Honduras, which borders Guatemala, El Salvador and Nicaragua in Central America, is home to a number of highly venomous snake species, many of which belong to the pit viper family. Visitors hiking in the jungles and mountains of Honduras should keep a look out for these snakes. Tourists are advised to wear long pants and boots, and to watch where they step.
Green Palm Pit Viper
A rare species of palm pit viper, Bothriechis guifarroi, was discovered in northern Honduras in 2010. Named after Honduran environmentalist Don Mario Guifarro, this species had previously been mistaken for another species of palm pit vipers with similarity in appearance. However, it's most closely related to a species found in the Costa Rican mountains. Pit vipers, a group that also includes moccasins and rattle snakes, are highly venomous and possess deep, heat-sensing pits on each side of their heads to detect prey.
Barba amarilla, which translates to "yellow chin," is the Spanish name for another member of the pit viper family more commonly known as the fer-de-lance -- French for "lance head." This snake is identifiaed by a broad, triangle-shaped head, with gray or brown scales and black-edged diamond-shaped markings along its back. The barba amarilla reaches four to seven feet in length, and its bite can be fatal.
The coral snake is a common hazard in Honduras. Although there are about 50 species of coral snakes throughout the Western hemisphere, they are generally identified by their neckless, cylindrical bodies and red, black and yellow coloring. Although dangerously venomous, they are usually non-threatening if left alone.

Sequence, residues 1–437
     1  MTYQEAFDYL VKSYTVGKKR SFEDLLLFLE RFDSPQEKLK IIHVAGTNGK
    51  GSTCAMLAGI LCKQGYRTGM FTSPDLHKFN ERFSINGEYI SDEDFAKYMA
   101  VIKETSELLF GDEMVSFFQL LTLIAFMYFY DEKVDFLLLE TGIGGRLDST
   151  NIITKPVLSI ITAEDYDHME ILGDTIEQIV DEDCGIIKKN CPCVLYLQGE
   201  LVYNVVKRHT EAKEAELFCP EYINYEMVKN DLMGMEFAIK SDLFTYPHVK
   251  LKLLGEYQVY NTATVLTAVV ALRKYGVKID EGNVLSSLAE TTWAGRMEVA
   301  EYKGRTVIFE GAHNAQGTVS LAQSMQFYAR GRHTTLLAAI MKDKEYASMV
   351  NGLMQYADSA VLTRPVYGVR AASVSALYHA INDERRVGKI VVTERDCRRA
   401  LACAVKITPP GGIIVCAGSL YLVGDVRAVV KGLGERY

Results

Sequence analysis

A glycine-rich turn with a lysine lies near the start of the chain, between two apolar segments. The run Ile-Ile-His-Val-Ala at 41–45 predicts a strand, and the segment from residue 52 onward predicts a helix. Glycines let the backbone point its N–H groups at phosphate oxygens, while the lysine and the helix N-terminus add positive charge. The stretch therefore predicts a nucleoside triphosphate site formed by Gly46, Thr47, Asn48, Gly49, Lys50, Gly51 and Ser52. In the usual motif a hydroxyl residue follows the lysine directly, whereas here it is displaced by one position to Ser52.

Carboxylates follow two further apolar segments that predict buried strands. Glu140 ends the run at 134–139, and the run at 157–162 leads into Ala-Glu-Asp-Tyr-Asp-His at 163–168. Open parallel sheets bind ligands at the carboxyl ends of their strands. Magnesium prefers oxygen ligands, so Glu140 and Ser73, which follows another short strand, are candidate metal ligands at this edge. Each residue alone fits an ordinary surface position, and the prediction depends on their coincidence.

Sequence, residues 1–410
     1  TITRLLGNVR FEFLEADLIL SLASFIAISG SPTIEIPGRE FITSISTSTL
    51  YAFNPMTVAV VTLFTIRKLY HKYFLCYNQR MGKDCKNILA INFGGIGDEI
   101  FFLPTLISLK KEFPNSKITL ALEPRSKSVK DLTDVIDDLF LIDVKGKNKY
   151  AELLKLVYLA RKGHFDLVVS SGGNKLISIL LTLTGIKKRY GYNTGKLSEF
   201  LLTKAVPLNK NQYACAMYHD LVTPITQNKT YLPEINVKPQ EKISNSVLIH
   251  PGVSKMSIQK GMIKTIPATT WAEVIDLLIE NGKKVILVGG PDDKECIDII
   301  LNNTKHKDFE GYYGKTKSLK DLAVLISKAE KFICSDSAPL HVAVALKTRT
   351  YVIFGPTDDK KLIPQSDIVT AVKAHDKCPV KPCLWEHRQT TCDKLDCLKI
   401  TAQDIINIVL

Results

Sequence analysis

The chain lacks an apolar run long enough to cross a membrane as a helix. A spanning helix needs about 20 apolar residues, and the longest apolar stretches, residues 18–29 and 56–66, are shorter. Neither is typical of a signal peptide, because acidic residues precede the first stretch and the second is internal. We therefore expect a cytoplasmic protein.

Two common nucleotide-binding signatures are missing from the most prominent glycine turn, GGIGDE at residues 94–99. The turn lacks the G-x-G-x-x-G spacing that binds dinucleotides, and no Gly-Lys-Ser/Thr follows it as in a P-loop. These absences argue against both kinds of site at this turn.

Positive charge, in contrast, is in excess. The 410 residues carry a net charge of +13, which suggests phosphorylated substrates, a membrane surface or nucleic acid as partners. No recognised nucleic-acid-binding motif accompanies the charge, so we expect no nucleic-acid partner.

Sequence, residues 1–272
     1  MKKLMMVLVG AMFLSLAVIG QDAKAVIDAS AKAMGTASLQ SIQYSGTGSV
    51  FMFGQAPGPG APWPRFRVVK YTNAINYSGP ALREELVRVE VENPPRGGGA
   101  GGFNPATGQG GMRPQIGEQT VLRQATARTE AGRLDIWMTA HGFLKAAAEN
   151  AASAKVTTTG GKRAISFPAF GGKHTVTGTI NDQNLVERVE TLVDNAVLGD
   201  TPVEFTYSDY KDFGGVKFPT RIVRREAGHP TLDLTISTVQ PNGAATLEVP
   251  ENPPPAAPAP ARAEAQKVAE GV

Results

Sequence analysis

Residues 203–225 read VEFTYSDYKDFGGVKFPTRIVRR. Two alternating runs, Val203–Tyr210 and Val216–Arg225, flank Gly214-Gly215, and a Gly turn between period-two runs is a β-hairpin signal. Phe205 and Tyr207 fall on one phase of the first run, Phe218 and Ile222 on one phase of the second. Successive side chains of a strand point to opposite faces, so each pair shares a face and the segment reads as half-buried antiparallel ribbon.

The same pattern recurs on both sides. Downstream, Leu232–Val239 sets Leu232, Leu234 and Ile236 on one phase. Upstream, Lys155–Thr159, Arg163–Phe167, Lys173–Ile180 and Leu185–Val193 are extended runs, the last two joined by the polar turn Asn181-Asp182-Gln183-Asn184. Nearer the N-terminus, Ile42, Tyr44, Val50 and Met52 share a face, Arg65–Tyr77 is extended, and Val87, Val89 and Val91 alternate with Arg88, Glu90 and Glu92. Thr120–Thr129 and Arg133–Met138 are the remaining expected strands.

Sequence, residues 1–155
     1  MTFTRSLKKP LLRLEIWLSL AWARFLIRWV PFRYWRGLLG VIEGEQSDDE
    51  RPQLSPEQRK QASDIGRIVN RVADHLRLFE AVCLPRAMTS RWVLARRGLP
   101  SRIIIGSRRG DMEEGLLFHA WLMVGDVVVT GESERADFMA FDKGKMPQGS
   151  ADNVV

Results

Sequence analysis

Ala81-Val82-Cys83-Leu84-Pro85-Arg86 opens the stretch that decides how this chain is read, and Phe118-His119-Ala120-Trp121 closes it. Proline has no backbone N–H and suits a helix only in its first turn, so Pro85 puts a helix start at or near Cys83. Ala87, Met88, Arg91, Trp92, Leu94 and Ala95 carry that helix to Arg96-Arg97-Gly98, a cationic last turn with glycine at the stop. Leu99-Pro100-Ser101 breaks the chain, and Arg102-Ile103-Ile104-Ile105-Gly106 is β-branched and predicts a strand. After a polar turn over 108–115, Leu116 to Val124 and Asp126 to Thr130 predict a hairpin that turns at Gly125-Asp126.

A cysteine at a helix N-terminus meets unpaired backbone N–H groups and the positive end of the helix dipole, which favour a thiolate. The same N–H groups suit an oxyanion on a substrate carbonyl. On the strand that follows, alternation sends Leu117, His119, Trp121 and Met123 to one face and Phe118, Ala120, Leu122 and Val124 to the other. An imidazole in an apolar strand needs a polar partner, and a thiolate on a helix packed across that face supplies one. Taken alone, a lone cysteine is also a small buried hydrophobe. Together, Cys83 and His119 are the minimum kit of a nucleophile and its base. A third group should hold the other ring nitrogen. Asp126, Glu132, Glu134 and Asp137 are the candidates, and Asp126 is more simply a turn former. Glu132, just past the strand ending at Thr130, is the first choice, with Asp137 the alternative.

Middle American Rattlesnake
The Middle American rattlesnake is another pit viper commonly found in Honduras. As adults, these rattlesnakes grow to about four and a half to five feet, although they can reach nearly six feet long. Males are usually larger than females of the species. The coloring of these snakes varies and can be brown, gray-brown, reddish brown, yellow-gray, blue-gray, straw colored or even orange. Typically, they have diamond or rhombic-shaped markings in a darker color along their backs, although these are not always visible. The venom of these snakes generally causes nausea, pain, swelling, blistering and necrosis in humans. Fatal reactions such as systemic renal failure can happen, but are rare.
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